One of the buzzwords to enter Japanese conversation over the past few weeks has been corona rikon/”corona divorce,” referring to spouses who realize they’re ready to end their marriage after spending too much time at home with their partner. But as the pandemic is driving some adult couples emotionally apart, it looks like it’s also bringing young lovers together, at least in a physical sense.
Jikei Hospital in Kumamoto City, Kumamoto Prefecture, reports that it’s been seeing an increase in the number of junior high and high school students contacting its pregnancy consultation department. The increase started in March, not long after Prime Minister Shinzo Abe requested that schools across the country shut down to help prevent the spread of the coronavirus, and has continued as educational facilities remain closed. During the month of April, Jikei Hospital’s pregnancy counselors dealt with more junior high/high school students than in any other month since the department was established in 2007.
“With their schools closed because of the coronavirus, many students are staying at home,” says Jikei vice president Ken Hasuda. “For some of them, this presents opportunities for sexual activity, which in some cases is leading to unplanned pregnancies.”
At first, it seems like teens staying at home should be giving them fewer opportunities to have sex, since it’s pretty much unheard of for Japanese school kids to live under the same roof as their crush (which is one of many ways real-life Japan is different from anime). The scenario Hasuda seems to be describing, though, is one in which the kids, with no on-campus classes to attend or after-school extracurricular activities to take part in, are home all day while their parents are periodically out of the house in the morning or afternoon for work or errands. That creates windows for one teen to sneak over to another’s house, into their bed, and still have time to get back home before any parents notice they have a visitor or missing kid.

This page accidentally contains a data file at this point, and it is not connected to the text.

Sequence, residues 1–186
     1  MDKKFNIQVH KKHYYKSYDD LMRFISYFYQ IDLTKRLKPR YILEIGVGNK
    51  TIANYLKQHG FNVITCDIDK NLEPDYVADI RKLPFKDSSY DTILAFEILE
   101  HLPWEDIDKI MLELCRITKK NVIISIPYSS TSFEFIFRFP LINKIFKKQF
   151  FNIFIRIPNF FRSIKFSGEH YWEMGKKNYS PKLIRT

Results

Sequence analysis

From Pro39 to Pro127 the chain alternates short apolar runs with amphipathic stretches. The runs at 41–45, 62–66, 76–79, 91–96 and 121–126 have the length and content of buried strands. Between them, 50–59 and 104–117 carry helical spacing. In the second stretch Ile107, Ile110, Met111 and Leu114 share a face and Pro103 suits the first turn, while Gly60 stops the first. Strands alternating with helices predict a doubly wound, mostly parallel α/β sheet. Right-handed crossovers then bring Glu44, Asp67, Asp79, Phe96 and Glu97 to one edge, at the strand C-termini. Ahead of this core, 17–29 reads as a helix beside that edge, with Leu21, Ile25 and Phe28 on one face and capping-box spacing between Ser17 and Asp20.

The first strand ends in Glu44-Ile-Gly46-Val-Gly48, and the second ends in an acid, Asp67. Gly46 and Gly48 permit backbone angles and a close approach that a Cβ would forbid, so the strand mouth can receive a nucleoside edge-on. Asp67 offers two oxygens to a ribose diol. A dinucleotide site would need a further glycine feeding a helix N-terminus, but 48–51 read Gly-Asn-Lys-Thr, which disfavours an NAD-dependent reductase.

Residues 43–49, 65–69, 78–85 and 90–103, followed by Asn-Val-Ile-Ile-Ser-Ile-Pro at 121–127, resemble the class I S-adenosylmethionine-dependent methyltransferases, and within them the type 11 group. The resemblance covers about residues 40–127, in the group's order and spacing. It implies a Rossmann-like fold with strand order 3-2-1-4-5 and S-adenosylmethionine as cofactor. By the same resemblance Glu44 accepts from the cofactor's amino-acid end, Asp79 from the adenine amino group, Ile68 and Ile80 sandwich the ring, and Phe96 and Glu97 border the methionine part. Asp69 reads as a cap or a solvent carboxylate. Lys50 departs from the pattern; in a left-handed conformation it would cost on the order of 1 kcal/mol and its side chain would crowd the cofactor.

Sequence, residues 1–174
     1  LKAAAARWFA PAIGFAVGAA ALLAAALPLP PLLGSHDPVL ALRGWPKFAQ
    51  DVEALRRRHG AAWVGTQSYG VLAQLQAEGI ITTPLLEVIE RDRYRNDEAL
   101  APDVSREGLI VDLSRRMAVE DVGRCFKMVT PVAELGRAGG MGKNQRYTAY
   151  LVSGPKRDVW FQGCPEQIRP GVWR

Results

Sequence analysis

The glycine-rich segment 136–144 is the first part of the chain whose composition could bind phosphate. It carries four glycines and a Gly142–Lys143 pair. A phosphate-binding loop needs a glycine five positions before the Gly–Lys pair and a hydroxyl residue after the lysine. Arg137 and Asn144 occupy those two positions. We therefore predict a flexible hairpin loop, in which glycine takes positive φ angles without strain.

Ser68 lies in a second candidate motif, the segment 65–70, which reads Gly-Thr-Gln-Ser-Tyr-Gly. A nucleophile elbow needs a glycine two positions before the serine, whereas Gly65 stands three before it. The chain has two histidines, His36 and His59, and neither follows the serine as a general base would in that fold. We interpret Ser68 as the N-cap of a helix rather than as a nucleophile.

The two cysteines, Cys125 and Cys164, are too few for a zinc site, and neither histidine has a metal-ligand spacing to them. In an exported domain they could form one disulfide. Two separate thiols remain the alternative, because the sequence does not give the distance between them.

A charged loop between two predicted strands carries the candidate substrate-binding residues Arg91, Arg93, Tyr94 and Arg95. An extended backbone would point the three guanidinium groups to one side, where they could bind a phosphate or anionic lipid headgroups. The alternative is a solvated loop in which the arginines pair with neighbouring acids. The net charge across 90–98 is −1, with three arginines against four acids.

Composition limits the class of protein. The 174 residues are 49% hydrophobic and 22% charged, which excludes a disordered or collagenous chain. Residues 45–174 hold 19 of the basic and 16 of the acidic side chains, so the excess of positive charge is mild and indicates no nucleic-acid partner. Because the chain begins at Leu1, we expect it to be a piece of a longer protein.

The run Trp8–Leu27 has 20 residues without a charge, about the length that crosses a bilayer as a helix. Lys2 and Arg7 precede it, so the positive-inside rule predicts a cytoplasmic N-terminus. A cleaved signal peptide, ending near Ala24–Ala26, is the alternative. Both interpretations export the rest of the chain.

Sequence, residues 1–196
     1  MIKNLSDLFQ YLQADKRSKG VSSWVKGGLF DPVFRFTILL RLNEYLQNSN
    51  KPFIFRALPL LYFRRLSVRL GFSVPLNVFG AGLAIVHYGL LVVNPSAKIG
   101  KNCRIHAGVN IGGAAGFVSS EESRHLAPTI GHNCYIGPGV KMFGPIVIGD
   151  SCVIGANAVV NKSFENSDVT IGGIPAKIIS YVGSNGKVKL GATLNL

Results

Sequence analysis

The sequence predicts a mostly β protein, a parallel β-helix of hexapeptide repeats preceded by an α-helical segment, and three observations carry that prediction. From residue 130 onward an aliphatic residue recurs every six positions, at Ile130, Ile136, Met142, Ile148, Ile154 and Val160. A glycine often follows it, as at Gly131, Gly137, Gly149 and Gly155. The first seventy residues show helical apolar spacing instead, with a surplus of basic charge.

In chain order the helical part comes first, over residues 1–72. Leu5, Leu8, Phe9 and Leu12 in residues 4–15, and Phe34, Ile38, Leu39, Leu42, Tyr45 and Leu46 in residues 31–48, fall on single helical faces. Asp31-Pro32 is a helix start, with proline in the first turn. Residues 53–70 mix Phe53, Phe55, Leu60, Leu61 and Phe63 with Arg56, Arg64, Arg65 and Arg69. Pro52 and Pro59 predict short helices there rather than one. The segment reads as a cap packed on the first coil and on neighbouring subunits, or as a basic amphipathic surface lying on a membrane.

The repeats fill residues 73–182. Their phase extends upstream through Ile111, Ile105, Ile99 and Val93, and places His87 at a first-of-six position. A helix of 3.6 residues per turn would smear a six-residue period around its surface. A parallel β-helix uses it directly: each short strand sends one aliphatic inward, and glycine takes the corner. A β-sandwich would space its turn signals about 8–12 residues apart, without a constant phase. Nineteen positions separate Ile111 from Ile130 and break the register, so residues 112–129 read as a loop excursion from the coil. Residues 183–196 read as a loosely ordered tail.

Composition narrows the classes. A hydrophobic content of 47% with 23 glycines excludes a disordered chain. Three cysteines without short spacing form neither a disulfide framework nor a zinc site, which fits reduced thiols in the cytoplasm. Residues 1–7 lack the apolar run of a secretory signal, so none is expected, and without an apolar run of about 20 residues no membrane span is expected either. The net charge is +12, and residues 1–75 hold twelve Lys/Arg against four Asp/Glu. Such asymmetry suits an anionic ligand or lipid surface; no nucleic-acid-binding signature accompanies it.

It’s worth noting that the pregnancy consultation division doesn’t only handle questions from people who are currently pregnant. Inquiries they’ve received from teens over the past weeks have included “Can you get pregnant if it’s your first time having sex?” as well as “My girlfriend and I had sex, and now she’s feeling sick in the morning,” as well as questions from teens who say they’ve already gotten a positive result from a pregnancy test.
The rise in teen consultations also doesn’t mean that every teenager in Japan is failing to practice social crotch distancing. In April, Jikei’s pregnancy consultation division, which accepts questions from anywhere in Japan, had 75 teens asking for advice. Still, that’s a 29 percent increase compared to April of last year, and teens made up 13 percent of the division’s total consultation requests for April 2020, roughly double their usual proportion.
Heightened emotions aren’t an uncommon response to intense stress, such as living through the largest viral outbreak of the current generation. Still, having a kid before you’re ready can put you on a very rocky road in life, so hopefully if nothing else tempted teens will at least listen to the sex-ed advice from this Japanese all-girls school.